Everybody on the Same Page, or, Why Node JS Won So Big
Tags: programming
November 7th, 2022

Javascript is a favorite language for programmers to beat up on for a whole host of reasons. It's got a tricky syntax. You need to use wonky tricks at times to get it to behave. Asynchronous first is counterintuitive though necesary to prevent the GUI being locked during updates. It's original event-driven conception has left it's mark on the design. The list goes on. Most programming languages do not work like this.

Yet it has become a surprise favorite of sorts for backend development. Many websites have substantial parts of their infrastructure written in things like Node. In fact, Web frameworks like express get ~26 million downloads a week. This likely even supplants its inspiration. Possible "successors" include deno, a sophisticated second take on javascript in the backend. That such a thing exists proves the popularity of this approach.

So why did this happen?

There are three ingedients.

The Frontend is in javascript. Consumers have come to expect websites to have sophisticated user interfaces. Outside of a niche segment, people don't want the old style of "click-button-get-new-page". They want to click a button and have it seamlessly dissolve in response. Building such complex GUIs is hard. New frameworks like React have sprung up to help simplify this complexity and paper over some of javascript's more capricious qualities.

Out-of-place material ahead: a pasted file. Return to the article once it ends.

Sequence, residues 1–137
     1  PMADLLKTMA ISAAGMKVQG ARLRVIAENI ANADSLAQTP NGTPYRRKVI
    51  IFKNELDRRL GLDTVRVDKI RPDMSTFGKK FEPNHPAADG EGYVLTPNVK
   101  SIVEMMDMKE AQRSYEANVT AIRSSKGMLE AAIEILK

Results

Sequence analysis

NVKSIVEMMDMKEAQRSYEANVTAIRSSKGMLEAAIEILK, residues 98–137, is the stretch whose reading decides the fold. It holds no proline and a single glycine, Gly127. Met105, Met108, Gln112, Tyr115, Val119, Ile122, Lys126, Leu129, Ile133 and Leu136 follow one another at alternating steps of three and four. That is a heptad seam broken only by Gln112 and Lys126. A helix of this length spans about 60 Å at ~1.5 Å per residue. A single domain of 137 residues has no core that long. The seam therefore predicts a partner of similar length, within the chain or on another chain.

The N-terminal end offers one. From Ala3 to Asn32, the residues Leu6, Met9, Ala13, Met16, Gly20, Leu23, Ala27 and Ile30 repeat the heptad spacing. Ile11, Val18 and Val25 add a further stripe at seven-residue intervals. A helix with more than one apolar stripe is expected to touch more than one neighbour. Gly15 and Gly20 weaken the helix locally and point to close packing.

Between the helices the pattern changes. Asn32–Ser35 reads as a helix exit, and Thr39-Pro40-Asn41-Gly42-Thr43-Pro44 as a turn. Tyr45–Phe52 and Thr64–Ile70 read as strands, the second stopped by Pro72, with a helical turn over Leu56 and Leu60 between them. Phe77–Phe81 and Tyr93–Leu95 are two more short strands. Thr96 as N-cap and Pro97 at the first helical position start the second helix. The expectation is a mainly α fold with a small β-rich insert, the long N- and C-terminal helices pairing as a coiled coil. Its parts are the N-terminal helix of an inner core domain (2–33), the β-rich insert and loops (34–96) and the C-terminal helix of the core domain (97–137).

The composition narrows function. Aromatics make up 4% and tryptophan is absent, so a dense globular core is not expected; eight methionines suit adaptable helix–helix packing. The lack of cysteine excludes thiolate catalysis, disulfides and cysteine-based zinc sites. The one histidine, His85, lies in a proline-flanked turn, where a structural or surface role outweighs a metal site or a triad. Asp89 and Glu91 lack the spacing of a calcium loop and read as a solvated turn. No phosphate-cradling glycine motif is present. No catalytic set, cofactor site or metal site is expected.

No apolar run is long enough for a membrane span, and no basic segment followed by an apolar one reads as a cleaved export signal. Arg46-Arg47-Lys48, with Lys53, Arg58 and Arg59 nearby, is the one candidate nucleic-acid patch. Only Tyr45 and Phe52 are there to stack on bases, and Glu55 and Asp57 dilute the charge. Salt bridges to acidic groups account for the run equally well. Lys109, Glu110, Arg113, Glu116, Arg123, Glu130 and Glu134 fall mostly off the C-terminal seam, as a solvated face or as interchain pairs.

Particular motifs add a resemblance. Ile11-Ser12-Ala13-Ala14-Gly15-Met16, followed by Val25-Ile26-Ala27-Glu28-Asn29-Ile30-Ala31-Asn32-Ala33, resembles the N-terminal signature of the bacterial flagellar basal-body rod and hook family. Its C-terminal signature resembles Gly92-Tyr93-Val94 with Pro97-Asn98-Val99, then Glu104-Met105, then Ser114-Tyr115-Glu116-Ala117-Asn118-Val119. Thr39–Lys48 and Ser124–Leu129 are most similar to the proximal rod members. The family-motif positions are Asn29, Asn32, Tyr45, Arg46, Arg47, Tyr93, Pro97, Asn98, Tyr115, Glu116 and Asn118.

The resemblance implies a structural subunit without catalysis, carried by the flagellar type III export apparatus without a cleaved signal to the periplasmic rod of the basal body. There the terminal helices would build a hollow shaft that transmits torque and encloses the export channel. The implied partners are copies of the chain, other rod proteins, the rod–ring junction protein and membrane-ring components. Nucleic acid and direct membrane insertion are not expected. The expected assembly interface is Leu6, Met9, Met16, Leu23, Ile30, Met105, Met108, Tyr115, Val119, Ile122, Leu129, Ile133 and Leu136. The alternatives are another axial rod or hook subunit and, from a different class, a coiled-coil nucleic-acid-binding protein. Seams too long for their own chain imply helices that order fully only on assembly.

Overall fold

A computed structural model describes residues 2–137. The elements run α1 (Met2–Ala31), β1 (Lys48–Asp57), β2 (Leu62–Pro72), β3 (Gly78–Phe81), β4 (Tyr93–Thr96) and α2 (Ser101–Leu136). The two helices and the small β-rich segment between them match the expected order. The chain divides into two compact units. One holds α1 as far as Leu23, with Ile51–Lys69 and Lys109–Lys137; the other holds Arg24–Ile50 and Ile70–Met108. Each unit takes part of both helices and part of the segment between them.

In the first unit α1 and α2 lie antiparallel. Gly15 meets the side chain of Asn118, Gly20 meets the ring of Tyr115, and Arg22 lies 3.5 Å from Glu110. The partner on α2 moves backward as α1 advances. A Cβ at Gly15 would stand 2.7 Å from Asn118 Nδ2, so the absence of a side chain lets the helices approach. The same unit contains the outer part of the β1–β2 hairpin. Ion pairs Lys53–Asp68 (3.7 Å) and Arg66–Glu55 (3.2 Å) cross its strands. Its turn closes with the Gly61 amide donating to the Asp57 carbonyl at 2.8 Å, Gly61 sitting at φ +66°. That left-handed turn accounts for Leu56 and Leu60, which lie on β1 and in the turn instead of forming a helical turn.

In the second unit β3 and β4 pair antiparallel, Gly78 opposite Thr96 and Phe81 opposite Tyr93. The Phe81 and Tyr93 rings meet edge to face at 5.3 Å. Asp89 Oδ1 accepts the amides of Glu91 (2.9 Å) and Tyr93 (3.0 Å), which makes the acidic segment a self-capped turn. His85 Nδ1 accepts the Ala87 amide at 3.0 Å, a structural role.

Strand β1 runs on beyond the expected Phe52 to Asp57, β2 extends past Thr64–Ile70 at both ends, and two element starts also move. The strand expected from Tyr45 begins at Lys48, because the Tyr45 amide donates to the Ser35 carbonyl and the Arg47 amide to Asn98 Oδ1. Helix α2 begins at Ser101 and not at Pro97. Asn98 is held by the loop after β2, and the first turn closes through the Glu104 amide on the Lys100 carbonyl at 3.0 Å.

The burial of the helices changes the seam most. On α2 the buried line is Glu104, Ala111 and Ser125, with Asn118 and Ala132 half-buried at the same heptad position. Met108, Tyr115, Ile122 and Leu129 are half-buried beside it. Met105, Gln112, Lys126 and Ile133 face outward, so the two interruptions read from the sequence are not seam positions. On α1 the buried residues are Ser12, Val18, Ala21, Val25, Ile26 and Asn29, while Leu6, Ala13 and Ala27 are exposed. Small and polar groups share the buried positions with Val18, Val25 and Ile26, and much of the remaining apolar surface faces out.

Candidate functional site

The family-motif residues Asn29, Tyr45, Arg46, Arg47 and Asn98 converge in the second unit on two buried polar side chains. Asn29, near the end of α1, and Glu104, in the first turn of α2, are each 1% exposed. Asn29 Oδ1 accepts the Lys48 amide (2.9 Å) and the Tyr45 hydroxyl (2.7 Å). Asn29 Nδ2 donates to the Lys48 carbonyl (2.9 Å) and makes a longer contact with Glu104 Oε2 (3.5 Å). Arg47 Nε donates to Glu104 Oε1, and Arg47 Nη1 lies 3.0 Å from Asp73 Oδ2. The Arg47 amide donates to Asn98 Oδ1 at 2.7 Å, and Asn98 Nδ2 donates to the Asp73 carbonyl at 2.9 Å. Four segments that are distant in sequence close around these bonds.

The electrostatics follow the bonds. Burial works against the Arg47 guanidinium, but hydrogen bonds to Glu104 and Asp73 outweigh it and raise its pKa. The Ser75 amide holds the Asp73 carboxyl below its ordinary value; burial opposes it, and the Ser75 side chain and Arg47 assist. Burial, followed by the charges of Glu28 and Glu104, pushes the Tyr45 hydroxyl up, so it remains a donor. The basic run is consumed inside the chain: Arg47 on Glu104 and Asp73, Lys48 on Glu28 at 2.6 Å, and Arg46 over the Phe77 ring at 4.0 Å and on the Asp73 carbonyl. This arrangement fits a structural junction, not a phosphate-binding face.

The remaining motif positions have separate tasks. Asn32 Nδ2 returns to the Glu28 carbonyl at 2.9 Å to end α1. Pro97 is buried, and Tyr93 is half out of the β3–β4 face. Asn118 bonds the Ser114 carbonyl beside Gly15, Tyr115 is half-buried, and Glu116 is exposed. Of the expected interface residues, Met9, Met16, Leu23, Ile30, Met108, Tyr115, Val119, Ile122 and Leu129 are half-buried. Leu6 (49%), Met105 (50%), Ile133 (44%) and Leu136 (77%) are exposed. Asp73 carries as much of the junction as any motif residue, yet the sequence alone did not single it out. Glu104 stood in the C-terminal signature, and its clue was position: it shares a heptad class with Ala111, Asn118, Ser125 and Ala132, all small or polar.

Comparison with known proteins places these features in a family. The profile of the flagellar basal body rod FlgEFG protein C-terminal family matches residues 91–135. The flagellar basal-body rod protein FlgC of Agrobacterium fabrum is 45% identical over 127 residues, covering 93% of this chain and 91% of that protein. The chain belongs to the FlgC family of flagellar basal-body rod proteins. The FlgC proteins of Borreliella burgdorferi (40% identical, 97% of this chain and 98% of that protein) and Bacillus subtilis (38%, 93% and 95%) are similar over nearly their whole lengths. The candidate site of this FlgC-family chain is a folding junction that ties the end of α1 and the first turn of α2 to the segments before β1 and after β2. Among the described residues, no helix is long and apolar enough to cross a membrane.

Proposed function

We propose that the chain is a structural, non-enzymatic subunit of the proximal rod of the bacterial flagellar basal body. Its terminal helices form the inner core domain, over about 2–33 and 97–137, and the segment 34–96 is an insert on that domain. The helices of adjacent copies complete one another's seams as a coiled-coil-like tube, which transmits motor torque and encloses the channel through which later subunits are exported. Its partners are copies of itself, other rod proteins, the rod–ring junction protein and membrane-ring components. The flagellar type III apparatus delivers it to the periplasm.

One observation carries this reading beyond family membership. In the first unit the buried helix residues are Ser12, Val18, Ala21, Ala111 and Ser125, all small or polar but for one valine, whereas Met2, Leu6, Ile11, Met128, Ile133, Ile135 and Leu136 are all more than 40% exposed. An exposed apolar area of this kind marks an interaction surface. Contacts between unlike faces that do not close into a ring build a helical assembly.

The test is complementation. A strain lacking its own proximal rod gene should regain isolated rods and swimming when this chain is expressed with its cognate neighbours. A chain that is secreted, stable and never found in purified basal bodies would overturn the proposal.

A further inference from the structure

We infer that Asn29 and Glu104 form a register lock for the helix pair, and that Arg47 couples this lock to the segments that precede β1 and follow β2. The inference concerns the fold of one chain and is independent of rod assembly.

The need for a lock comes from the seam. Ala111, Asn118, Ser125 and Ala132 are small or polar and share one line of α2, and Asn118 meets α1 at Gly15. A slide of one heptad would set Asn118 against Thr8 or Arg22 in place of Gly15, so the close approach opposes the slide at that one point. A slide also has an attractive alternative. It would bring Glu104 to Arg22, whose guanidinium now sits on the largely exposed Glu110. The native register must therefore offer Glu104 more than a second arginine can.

Second, the Full Stack Developer has become the expected norm. People don't focus on just one area anymore except in extremely specialized circumstances. Instead, they opt to learn a bit about every part of the stack. Should something out of their depth arise, they simply look it up. When building an MVP, such an engineer is likely good enough.

And finally, productivity is highest when you don't have to context switch. You have heads down time, focusing on the task at hand, banging out the solution one line at a time. This doesn't happen immediately. It takes a few hours to get into the flow.

All three are solved by Javascript-on-the-backend. One programming language that everybody has to know to build any website of sufficient quality. You stay with that one language all day and never have to context switch. That has proven to be a popular and important problem to solve.

Are there any other programming problems looking for solutions by new languages?